The May moon meets Venus and Mercury, at twilight en route to the season of eclipses and more.
I wonder where is all the action of the solar system hiding? While the twilight sky may seem devoid of planets (with the exception of Mars), everything is about to change tonight. The motto of astronomy in May 2021 is to “ follow the moon ” as it makes several spectacular planetary passes, then kicks off the first eclipse season of the year.
First, the thin, growing crescent moon obscures the brilliant planet Venus tonight on May 12.e. While this is happening over the South Pacific and most of us will miss the event, the two will huddle very close to each other on the evening of Wednesday, May 12.e, which makes them a very photogenic pair. Ash light or light from the Earth on the dark branch of the Moon (caused by sunlight reflected from the Earth) will give the scene an overall 3D appearance.
-3.9 magnitude Venus will actually make a great guide on the night of May 12e to spot the thin ethereal crescent moon. Sure, Venus is tiny, at 10 “in diameter and 98% illuminated, compared to 29.5 feet in apparent diameter and 1.2% moonlight … but Venus is inherently brighter, bright enough that you can see it during the day near the sun’s greatest elongationâ¦ if you know exactly where to look in the sky. Your next chance to try this in 2021 is October 29, when Venus is 47 degrees east of the Sun and dominates the sky at dusk.
Now, do you see this zero magnitude “ star ” above the Venus-Moon pair tonight? It is the deepest planet Mercury. In fact, Mercury is heading for one of its best appearances for northern hemisphere watchers for 2021 this month, reaching 22 degrees east of the Sun on May 17.e. After that, Mercury loses altitude night after night as Venus gains importance, until both switches are placed on the night of May 29.e, when the two planets are in the same telescopic field of view only 24 ‘apart, less than the diameter of a Full Moon.
Follow this Moon as it grows and passes 1.5 degrees of magnitude +1.6 of Mars on the evening of May 16.e.
Tonight’s first sighting of the thin crescent moon also marks the end of the fasting month of Ramadan for Muslims around the world and the start of the celebration of Eid al-Fitr. The Muslim calendar is based solely on the lunar cycle, which means that months like Ramadan move forward 11 days from the Gregorian calendar based on the sun. Other hybrid systems – such as the Hebrew or Chinese calendars – rely on both solar and lunar cycles, and therefore have to add an additional or “embolismic” month once every 2-3 years to stay in sync.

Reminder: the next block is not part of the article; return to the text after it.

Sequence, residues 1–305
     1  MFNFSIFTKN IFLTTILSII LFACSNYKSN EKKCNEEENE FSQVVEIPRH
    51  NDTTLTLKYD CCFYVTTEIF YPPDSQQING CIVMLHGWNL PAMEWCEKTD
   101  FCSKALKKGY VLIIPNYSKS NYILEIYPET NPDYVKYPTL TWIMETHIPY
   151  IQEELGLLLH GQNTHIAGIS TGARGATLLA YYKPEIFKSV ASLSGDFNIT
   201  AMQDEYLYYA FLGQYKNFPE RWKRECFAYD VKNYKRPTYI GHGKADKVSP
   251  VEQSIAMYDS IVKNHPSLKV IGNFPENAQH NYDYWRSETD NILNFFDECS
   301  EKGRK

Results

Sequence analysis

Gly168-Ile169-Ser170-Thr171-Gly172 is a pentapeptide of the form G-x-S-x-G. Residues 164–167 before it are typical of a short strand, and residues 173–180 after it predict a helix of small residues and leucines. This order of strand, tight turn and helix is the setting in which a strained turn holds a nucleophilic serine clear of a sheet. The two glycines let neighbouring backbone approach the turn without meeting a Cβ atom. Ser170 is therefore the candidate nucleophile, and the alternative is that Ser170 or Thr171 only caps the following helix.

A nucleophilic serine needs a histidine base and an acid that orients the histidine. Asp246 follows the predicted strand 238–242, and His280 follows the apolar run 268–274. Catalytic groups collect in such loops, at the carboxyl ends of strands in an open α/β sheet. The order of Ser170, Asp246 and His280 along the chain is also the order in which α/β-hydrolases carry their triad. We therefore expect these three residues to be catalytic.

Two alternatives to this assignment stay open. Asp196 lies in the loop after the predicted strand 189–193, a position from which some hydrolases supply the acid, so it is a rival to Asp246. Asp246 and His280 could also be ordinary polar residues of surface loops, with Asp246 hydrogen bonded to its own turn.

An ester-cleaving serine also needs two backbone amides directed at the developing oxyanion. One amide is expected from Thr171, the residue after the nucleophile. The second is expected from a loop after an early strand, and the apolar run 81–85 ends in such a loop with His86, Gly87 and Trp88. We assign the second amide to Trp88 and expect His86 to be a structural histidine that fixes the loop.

The Moon has also just passed its the most distant climax (its “ furthest point ” on Earth) for 2021 406,511 kilometers away on May 11. It also prepares us for two interesting astronomical events in the coming weeks:
The first is the May 26 total lunar eclipse. This will favor the Pacific region, with a maximum total duration of 14 minutes and 30 seconds. It also falls near the nearest perigee (the Moon’s “ closest point ” on Earth) for 2021 just 10 hours earlier, 357,309 kilometers away. No doubt the “Super-Blood Moon” meme will sweep the Internet once again.
Then, two weeks later, the Moon will again be close to apogee and will be too small to cover the Sun during the June 10 annular solar eclipsee. The annularity of this eclipse will sweep across central Canada northeast of Hudson Bay, although much of northeastern North America is treated to a fine partial solar eclipse rising to the l ‘dawn.
Can’t wait until June? If you live on the east coast of the United States, another intriguing space event could be heading skyward tonight: Watch for the launch of a NASA Wallops Black Brant XII sub-orbital rocket in Virginia, with the KiNET-X experience. The KiNETic scale energy and momentum transport experiment will release chemical barium vapor tracers approximately 10 minutes after launch, with the aim of mapping and understanding how energy transfer occurs in the earth’s upper atmosphere. These types of launches are always difficult to get off the field, as the sky is not only clear at the Wallops launch site, but also at the Bermuda tracking station downstream from the experiment. A mission similar to Wallops a few years ago took weeks to get started. Another, doubled AZURE BLUE, launched in 2019 from the Andoya Space Center in the Scandinavian High Arctic, with equally bizarre results. KiNET-X has a 40 minute launch window tonight, starting at 8:06 p.m. EDT / 12:06 a.m. GMT.
We will tweet like @Astroguyz about these heavenly sky events, launches and more. Watch for full guides for each eclipse in the coming weeks, here on The universe today.
– Main image credit: The Moon meets Venus in 2016. Image credit and copyright: Sharin Ahmad.